Newsom’s proposal calls for expanding the Medi-Cal insurance program to all low-income undocumented immigrants. Currently, it’s available to those up to age 26 and over age 49. Extending coverage to the 764,000 people now left out would cost $2.2 billion a year when the program is fully implemented in 2024.

In many states this would be a contentious proposal because of Republican opposition. In Democrat-dominated California, the debate is more likely to focus on whether Newsom’s plan goes far enough. It’s a straightforward expansion of the existing healthcare system that builds on similar expansions the state has approved in recent years — not the kind of blow-it-up-and-start-all-over healthcare reform that Berniecrats have pushed for.

That vision is contained in a bill advancing in the Legislature that would abolish existing private and public insurance plans and cover all Californians with a new state-run single-payer system, called “CalCare.” Instead of fees or copays, Californians would pay for the system with billions of dollars in new payroll taxes, personal income taxes, and excise taxes on businesses. The complex plan would require approval from California voters as well as a new law from Congress because the state’s healthcare spending relies so heavily on federal dollars.

A proposal to bring universal healthcare to California, laid out in multiple pieces of legislation, faces significant hurdles in the coming months.

Newsom dodged questions about that proposal Monday as he touted his plan to give all Californians access to healthcare. But instead of saying he’s changed his approach to something that’s vastly more achievable — getting more people insured without overhauling the entire system — he dangled the possibility that single-payer could still happen.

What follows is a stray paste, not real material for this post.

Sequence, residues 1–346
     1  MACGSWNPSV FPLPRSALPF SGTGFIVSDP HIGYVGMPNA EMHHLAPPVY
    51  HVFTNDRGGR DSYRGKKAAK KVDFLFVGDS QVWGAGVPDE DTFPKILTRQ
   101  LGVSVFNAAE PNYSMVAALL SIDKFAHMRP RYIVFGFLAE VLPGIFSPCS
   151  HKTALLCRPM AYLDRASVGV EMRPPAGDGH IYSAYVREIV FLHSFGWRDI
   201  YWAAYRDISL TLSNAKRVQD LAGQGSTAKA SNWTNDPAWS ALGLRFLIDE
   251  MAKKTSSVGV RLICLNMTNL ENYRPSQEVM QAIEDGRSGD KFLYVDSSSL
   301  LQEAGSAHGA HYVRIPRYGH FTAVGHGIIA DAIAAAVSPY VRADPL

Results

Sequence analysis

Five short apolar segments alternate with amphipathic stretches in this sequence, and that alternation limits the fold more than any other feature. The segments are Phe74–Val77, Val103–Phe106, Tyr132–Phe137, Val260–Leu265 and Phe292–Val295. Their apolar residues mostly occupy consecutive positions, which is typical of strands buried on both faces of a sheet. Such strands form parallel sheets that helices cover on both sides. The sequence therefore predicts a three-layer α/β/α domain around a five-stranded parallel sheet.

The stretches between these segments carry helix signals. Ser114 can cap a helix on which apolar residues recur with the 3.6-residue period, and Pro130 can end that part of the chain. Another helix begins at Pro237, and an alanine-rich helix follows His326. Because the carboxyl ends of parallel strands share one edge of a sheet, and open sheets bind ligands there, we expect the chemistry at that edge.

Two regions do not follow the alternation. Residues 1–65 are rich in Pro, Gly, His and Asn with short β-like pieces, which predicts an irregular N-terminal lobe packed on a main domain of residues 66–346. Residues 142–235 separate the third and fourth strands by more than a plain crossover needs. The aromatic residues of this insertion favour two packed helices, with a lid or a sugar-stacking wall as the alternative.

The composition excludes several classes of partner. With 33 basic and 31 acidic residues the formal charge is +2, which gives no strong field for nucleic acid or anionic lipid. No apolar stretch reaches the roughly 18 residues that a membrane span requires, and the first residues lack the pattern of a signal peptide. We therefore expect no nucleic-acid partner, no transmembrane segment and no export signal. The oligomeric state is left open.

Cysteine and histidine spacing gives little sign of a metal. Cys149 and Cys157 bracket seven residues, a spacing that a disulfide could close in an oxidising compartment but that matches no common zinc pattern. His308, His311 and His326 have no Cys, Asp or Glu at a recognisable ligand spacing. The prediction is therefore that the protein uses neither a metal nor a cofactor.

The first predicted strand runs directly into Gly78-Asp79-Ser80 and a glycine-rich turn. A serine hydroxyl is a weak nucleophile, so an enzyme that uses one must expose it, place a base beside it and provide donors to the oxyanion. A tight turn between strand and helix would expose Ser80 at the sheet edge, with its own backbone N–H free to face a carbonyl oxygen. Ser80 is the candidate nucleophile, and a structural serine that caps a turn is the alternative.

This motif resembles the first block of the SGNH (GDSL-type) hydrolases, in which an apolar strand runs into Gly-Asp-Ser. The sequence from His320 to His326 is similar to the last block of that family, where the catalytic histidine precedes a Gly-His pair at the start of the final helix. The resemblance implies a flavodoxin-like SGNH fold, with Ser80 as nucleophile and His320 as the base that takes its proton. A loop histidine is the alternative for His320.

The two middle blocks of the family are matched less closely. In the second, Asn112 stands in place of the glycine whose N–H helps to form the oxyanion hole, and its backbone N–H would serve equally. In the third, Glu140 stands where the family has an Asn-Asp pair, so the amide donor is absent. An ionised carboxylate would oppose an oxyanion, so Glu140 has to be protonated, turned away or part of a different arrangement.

He pointed out that a commission tasked with studying how to finance a single-payer system is due to release its report in a few months. He said he has appealed to the federal government for necessary waivers.

“The ideal system is a single-payer system,” Newsom insisted. “In the meantime, I’m doing what I said I was going to do, and that’s advance the cause of universal healthcare.”

The next day, Newsom took his show on the road, traveling to a clinic in Kern County to promote his healthcare proposal. He scheduled his news conference for the same time as the Assembly hearing on the single-payer bill. It was an obvious ploy to shift attention in his favor. No political novice, Newsom showed up at the press conference with progressive icon Dolores Huerta endorsing his plan.

The budget proposal a governor releases in January is always a starting point for negotiations. It takes buy-in from the Legislature to approve spending, and the art of politics — as well as the mechanics of state governance — demand that Newsom leave room for legislative leaders to play a role in shaping the plan that will be finalized in June. So the details of any healthcare expansion could evolve over the next few months.

But this is the last budget Newsom will propose in this four-year term. It’s his chance not only to set an agenda for the year and respond to the ongoing coronavirus pandemic, but also to fulfill campaign promises. The fact that his budget does not go all-in for single-payer shows he’s adjusted his ambitions. If only he’d just come out and say that.